Seaven Teares is a quartet making dark, romantic music rooted in post-industrial folk, early music, chamber music and pop. The songs, which can be at once tender and forbidding, accessible and damaged, are centered on the vocal pairing of songwriter Charlie Looker (Extra Life, Sculptress) and vocalist Amirtha Kidambi (Sequins and Skeletons). Seaven Teares was formed in 2010 featuring Robbie Lee (Howling Hex) on woodwinds, guitars and synth, and percussionist Russell Greenberg (Yarn/Wire). The bands’ mostly acoustic sound brings together a number of disparate influences: dark post-Industrial folk (Death In June, Current 93), 1960’s co-ed pop folk groups (Mamas and the Papas, Ian & Sylvia), the drones and textures of modern composition and experimental improvisation, and the cold alien vocal harmonies of Gothic era liturgical music. The seven slow-burning songs shift between abstract raga-like meditations and straight melodic hooks, set against acoustic guitars, dark synth ambience, vibraphone, bells, and occasional harsh electronics, as well as authentic Medieval pump organ and recorders.

Seaven Teares’ released their debut record Power Ballads on Northern Spy in 2013.

Seaven Teares on Bandcamp

Darius Jones, Elizabeth-Caroline Unit

 Photo by Kholood Eid

Photo by Kholood Eid

The Elizabeth-Caroline Unit is comprised of four singers (Amirtha Kidambi, Jean-Carla Rodea, Sarah Dyson, Kristin Slipp) of varied vocal backgrounds. Influences of the group range from Gospel groups, to Sun Ra and Stockhausen, from the compositional mind of Darius Jones. The group represents the four guardian women of the Man’ish Boy from the planet Or’gen in the epic mythology by Darius Jones and Randal Wilcox, adapted for graphic novel.

The Oversoul Manual is a collection of etudes written for the Elizabeth-Caroline Unit. The etudes are vehicles to teach each vocalist the linguistic and sonic vocabulary of an alien birthing ritual. In this alien culture, having a child is done with the spiritual agreement of three or more humanoids. Each female alien gives birth to some aspect of the genetic makeup that forms the child. The Elizabeth-Caroline Unit are the proud mothers of a son called Man'ish Boy. Their son was taken away from them when he was born, so now they travel the universe searching for him. The birthing ritual can take years for some units. The creation of Man'ish Boy took seven. He is very important to the cultural and spiritual development on his planet, Or'gen.

The Oversoul Manual record is available on Aum Fidelity Records.

Robert Ashley’s CRASH Band

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Robert Ashley’s CRASH band comprises of vocalist/composer Gelsey Bell, vocalist/multi-instrumentalist Aliza Simons, vocalist/composer/multi-instrumentalist Paul Pinto, vocalist/composer/multi-instrumentalist Brian McCorkle and vocalist/composer/multi-instrumentalist Dave Ruder. The group was lovingly referred to by Robert Ashley as “The New Band”. The group formed to premiere and perform Bob Ashley’s final opera Crash under the guidance of Mimi Johnson, Tom Hamilton, Dave Moodey and Alex Waterman for the Whitney Biennial in 2014. The band will continue to perform Crash from now until they can no longer speak. The passing of Robert Ashley from the earthly realm into the ether occurred during rehearsals for the piece in March of 2014. The band misses him terribly and owes him a tremendous debt of gratitude for all of his creative energy and passion.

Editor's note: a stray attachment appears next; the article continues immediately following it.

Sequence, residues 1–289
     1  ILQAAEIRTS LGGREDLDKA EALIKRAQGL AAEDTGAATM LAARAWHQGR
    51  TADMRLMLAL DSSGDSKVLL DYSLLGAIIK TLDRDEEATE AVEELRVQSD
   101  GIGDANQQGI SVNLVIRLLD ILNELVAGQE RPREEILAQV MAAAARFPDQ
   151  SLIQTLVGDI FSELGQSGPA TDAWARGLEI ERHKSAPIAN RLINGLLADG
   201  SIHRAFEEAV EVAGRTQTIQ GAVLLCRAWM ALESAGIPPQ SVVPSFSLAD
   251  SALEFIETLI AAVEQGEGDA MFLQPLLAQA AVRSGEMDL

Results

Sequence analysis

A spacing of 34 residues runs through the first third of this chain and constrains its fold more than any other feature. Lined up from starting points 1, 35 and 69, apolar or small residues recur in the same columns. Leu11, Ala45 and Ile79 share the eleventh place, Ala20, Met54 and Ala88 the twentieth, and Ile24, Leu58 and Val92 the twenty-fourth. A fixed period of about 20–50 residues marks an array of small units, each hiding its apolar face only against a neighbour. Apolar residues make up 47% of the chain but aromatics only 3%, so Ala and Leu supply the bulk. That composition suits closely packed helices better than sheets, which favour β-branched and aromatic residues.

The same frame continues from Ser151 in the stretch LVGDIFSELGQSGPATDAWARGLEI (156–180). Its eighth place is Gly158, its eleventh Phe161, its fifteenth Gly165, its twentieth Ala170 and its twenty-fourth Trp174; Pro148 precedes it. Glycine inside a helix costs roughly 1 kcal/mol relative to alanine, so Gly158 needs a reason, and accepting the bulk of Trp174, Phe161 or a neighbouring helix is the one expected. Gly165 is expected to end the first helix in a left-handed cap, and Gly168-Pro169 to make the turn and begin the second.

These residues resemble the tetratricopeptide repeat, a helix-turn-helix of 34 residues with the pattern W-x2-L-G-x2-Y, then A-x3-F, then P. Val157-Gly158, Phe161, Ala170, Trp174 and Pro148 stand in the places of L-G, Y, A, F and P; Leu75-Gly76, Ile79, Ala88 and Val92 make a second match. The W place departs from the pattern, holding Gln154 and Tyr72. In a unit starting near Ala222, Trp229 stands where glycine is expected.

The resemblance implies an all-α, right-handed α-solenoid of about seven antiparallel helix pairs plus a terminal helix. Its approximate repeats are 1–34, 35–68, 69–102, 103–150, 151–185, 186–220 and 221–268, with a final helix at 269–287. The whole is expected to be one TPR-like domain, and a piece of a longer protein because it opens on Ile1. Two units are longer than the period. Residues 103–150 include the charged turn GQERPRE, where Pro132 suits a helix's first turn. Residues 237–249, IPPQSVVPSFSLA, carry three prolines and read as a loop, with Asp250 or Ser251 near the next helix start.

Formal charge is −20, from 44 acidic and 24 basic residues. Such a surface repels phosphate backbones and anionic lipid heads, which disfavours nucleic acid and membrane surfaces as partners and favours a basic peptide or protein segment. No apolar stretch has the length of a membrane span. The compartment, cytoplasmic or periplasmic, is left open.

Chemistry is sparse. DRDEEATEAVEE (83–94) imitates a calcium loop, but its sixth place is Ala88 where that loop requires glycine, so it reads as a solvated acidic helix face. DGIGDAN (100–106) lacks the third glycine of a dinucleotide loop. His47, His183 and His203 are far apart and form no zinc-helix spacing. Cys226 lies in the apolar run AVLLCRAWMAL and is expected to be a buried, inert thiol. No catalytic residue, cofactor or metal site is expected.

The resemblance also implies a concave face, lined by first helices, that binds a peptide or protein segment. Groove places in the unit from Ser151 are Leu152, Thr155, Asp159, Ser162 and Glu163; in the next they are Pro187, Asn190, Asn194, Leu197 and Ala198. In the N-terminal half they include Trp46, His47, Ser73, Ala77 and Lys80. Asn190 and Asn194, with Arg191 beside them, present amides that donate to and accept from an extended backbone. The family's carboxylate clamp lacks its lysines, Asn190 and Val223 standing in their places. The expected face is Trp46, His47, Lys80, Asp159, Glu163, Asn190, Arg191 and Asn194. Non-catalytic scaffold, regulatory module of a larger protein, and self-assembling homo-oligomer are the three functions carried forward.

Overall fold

TONGUES: Indian Traditional and Experimental Music

 Photo by Andrew McFarland

Photo by Andrew McFarland

TONGUES brings Indian traditional music outside of cultural enclaves, providing access to a broader audience and musical community. In the series, Indian music provides a unique context for listening to experimental music, some of which draws influence from the traditions both musically and philosophically. A diverse group of experimental performers and traditional Indian musicians are presented side-by-side to inform listening and create harmonious understanding, crossing over both practices. Tongues is interested in drawing deep connections between these disparate forms of expression, rather than presenting superficial fusion. It is an effort to promote dialogue between communities to foster artistic growth and provide basis for future endeavors in curation and potentially a new way forward into collaboration. TONGUES has been presented at The Silent Barn DIY art and performance space in Bushwick, chosen specifically for its dedication to community building and diverse adventurous programming, and Issue Project Room. TONGUES has featured performers Mat Maneri (viola), Ashvin Bhogendra (Carnatic vocalist), Brian Chase (percussionist/drummer), Robbie Lee (reeds), Rajna (mridangam) and Anjna Swaminathan (violin), Dada Tapan Kanti Baidhya (Dhrupad vocalist), Shubhangi Sakhalkar (Hindustani vocalist), Che Chen (guitarist), Nivedita Shivraj (Carnatic vocalist) Matana Roberts (saxophonist/composer) and Peter Evans (trumpet/improviser).